Communicators, both external and internal, have had to pivot — a lot. In 2023, significant transformations, ranging from an unstable social media landscape to new RTO policies and evolving roles in crisis management, complicated many comms strategies.
In 2021, HarrisX began partnering with Ragan Communications on an annual survey to better understand how CEOs and communications leaders view each other’s roles and responsibilities. The results from this year’s CEO-Communicators Perceptions Survey will be presented at the Future of Communications Conference in Austin, TX on November 6-8th.
Ahead of that survey release, we’ve been tracking the emerging challenges and evolving priorities for the communicator, all of which will be covered in the survey this November. Here’s what we’re watching.
The RTO movement is off to a rocky start.
The mandate is clear: Most CEOs are pushing to have employees return to the office. But the reality, according to Appspace, is that work continues to occur outside of the traditional office environment. Just 3% of employees operate entirely in-person, compared to 44% of respondents working fully remote.
For communicators, sharing RTO policies that are unpopular among employees has led to disengagement and dissatisfaction. And once that hurdle has been passed, the challenge becomes finding evolved ways to communicate. Tried and trusted methods of communication and relationship-building continue falling short in work environments that include employees working fully remote, hybrid and entirely in office.
There’s confusion on how to best implement AI.
Communications teams are constantly looking to upgrade to more efficient systems and tools. Emerging artificial intelligence was top of mind for respondents in Ragan’s Benchmark Report who indicated AI will remain a focus over the next three years. That’s far from a surprise considering how ChatGPT has dominated the news cycle since its arrival in November 2022.
A joint survey conducted by Ragan Communications and The Conference Board shared that 82% of respondents believed AI would help them do their work faster. But there’s a lot of unanswered questions, many of which revolve around misinformation, legal uncertainties and data security. Download the full report here.
Internal comms will have external implications.
In Ragan’s Benchmark Report, 61% of respondents indicated oversight of both internal and external communications. That’s a trend that has been slowly inching upwards, up from 58% in 2022’s report.
This interconnectedness underscores how effective internal communication not only shapes organizational culture, but also extends its impact to external stakeholders and perceptions. As communication functions increasingly converge, internal communicators must become strong bridges between internal strategies and outward-facing messages.
But there’s a right time for everything: Employee leaks ahead of properly delivered messaging are a growing concern. Confidential internal documentation, or rumors being shared on social media ahead of an official press release, can create an avoidable crisis. Here’s one communicator’s advice on how to mitigate or prevent those leaks.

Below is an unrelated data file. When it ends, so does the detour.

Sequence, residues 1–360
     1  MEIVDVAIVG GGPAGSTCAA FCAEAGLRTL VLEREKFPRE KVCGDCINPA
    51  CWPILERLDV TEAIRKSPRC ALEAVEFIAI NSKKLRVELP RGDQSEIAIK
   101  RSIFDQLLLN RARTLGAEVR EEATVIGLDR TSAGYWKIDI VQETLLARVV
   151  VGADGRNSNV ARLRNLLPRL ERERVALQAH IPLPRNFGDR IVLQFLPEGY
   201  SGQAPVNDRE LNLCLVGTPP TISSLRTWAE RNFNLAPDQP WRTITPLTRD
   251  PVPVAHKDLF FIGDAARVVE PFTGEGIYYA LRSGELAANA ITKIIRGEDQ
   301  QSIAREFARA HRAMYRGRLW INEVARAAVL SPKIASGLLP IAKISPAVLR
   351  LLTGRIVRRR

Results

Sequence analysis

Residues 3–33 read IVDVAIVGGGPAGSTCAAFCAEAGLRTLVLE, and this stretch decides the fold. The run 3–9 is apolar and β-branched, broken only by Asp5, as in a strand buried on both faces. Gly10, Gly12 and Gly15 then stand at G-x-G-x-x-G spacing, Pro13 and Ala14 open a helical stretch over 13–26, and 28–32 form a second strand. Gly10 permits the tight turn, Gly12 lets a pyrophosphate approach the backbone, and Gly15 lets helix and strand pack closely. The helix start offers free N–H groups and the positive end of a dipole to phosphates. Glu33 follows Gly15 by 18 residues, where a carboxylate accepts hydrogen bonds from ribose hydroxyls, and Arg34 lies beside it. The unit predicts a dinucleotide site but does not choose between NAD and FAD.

It’s hard to craft strategy around new and emerging social media platforms.
More than ever, communicators are using social media platforms like LinkedIn to craft and deliver clear strategic messaging. But identifying which platform is most effective and relevant for a brand has become a challenge.
Since Elon Musk’s acquisition of X (formerly Twitter) in 2022, more than half of the platform’s top advertisers have fled to spend ad budget with competitors. The social media platform uncertainty has expanded to other social media platforms, including TikTok, which is indefinitely banned for all federal employees and select state employees in 34 U.S. states, with more restrictions likely to come.
With brand new players like Threads going head-to-head with X, it’s critical that communicators stay vigilant about where they invest their time. Ragan and PRDaily will address this hot topic in an upcoming webinar on August 23rd.
In times of crisis, organizations rely on the communications team, but that’s shifting.
Top executives are keenly aware of unanticipated crises that may occur at a moment’s notice. For instance, the COVID-19 crisis showcased internal communicators’ need to swiftly relay remote work protocols, safety measures and emotional support resources to employees across diverse locations.
According to Ragan’s 2023 Benchmark Report, 58% of organizations rely firmly on communications teams to take the lead in crisis messaging strategy. But that’s been trending down. In-house PR teams are handling more in 2023 than ever before, up to 24%, which is 11 percentage points higher from 2022’s survey.
This shift in crisis management responsibilities can present challenges for communicators striving to secure a seat at the executive table and the ear of the CEO. Internal communicators face the risk of being relegated to a supporting role, potentially diminishing their influence on crucial strategic decisions.
At the Future of Communications Conference on November 6-8th, we’ll be sharing the results from the third annual CEO-Communicators Perceptions Survey that will address some of these trends.